Barb Cardell of Boulder, Colorado felt like a loser on The Newlywed Game: Her brand-new husband, Tom Bogdan, was afraid of making love to his newly diagnosed HIV positive bride. Bogdan felt guilty, but Cardell refused to let his guilt or her HIV become barriers to their nuptial bliss. Straightforward and ferocious, Cardell was not about to stand aside and watch her sex life pass her by. She decided to take matters into her own hands -- literally.
Ironically, it was her take-charge attitude that led to her diagnosis. Cardell accompanied five gay male friends on an HIV-test outing. "I was concerned about them being positive," she says, "and I wanted them all to get tested. They agreed." Cardell came along to cheer from the sidelines, but one of her friends' squeamishness altered Cardell's fate. "He saw the needle, freaked and said, 'I'm not doing it unless you do,'" says Cardell. So she did. Of the six, five were negative -- with Cardell the odd one out.
A shock to her and her husband, but Cardell was determined to keep their lovemaking alive. "Like so many in discordant relationships where one partner is negative and the other positive, we saw our sex life coming to an end," Cardell says. Forget Bogdan's fears: The worst thing Cardell could imagine was infecting Tom. "We realized that sex after testing had to be much different than sex before."
The first thing the couple did was consult their physician. While others might have chosen a therapist or a minister when broaching an emotional subject like sex, Cardell had the good sense to know that a doctor was the perfect place to start with her scientist husband. "My physician is great," says Cardell, remembering the day the three sat down to discuss what was safe and what was not. "He never said, 'Clinically speaking, what you can't do is blah, blah, blah.' Instead, he told Tom what he would do as an informed person if he were in a relationship with an HIV positive woman."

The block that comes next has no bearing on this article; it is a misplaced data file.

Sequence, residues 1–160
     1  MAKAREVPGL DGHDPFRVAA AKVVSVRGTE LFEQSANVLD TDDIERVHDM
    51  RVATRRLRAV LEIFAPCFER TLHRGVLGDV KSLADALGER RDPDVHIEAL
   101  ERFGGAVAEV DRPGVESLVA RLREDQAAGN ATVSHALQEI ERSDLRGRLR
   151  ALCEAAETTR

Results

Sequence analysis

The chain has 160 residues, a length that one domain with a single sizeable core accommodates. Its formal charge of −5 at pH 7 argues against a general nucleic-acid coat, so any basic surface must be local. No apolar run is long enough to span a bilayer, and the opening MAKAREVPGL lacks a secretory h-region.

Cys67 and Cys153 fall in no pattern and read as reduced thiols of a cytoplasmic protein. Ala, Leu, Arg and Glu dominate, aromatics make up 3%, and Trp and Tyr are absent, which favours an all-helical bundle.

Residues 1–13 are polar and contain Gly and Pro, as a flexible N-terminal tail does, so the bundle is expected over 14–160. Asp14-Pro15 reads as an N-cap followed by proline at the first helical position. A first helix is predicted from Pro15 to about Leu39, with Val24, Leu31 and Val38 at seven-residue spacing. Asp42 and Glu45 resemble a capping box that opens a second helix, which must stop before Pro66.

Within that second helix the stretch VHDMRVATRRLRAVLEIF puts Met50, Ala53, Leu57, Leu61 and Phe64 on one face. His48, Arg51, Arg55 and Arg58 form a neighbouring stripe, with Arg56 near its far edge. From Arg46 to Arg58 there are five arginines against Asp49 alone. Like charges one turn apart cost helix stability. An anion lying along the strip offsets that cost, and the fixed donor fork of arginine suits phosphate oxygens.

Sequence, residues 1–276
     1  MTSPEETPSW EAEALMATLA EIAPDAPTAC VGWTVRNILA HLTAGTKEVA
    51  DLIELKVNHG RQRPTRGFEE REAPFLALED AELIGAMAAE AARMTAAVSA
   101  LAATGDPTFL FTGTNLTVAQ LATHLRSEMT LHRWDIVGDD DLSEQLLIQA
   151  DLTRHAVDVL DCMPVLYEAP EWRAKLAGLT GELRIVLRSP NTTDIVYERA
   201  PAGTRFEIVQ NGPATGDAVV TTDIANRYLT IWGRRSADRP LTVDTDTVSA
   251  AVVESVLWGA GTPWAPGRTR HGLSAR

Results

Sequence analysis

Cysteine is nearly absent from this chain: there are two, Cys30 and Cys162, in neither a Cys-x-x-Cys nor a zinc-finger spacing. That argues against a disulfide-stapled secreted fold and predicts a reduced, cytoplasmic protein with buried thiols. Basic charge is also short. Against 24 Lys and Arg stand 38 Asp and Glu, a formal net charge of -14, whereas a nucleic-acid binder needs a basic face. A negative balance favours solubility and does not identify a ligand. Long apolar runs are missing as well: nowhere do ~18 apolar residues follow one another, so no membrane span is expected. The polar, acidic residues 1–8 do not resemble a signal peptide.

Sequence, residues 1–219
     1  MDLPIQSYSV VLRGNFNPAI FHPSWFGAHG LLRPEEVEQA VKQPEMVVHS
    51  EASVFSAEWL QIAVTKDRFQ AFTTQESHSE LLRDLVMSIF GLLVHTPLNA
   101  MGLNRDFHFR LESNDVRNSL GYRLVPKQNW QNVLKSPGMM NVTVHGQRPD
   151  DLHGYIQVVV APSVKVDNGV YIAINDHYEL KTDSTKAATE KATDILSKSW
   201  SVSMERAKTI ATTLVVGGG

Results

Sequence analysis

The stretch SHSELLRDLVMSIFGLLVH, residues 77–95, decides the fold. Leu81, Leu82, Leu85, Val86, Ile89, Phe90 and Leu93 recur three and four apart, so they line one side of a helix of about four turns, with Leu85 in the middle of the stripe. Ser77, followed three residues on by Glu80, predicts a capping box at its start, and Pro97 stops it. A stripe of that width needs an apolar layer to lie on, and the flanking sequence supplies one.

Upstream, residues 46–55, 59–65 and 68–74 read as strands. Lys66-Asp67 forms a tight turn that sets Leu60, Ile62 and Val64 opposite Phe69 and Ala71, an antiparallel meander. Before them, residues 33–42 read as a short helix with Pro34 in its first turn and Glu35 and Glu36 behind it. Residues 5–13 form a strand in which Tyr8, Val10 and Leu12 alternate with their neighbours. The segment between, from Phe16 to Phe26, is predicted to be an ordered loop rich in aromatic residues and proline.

That's when Cardell first learned about the correlation between safer sex and Saran Wrap. But getting there wasn't easy.
"We went back to square one," Cardell says. "It was like being a teenager all over again and dating for the first time -- complete with first, second, third bases and the eventual home run. We said, OK, let's start with holding hands. 'And does that feel comfortable to you, Tom?' 'And does that feel comfortable to you, Barb?'" says Cardell, her exaggerated line readings like a Not-Quite-Ready-for-Prime-Time Player in a parody of couples counseling. Once they'd mastered hand holding, the couple moved on to kissing. "It's like relearning how to be intimate with somebody."
When she considers the many people in her same situation, Cardell the good-time gal turns serious, sad that avoidance of sex is the way many discordant couples deal with their fear. "The most important thing," says Cardell, who since her diagnosis has become an outreach speaker for the Boulder County Aids Project, "is to know what's really safe and not get caught in fear that's based on mistaken perceptions about what you think is safe."